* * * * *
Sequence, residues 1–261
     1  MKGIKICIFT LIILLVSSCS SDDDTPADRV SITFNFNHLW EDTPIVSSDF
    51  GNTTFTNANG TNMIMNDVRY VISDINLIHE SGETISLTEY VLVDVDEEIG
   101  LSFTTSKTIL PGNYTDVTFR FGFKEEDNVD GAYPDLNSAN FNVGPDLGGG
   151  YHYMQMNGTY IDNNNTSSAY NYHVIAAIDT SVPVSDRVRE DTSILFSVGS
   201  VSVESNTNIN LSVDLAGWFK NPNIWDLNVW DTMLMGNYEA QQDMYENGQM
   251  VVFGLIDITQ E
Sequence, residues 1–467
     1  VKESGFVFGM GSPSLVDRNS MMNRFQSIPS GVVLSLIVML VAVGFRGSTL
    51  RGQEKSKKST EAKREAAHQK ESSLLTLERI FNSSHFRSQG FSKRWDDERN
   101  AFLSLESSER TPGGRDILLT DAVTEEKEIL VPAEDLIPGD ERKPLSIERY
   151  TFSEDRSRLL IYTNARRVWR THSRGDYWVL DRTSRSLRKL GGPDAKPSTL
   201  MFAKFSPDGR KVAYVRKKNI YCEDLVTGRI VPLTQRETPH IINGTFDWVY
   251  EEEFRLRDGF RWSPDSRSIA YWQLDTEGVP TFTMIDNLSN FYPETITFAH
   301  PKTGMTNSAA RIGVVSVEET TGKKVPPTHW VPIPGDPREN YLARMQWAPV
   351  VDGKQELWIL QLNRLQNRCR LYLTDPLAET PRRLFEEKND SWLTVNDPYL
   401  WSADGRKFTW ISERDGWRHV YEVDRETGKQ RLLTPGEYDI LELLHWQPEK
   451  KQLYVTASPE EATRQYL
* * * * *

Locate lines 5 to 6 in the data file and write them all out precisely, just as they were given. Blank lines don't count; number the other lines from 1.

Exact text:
   151  YHYMQMNGTY IDNNNTSSAY NYHVIAAIDT SVPVSDRVRE DTSILFSVGS
   201  VSVESNTNIN LSVDLAGWFK NPNIWDLNVW DTMLMGNYEA QQDMYENGQM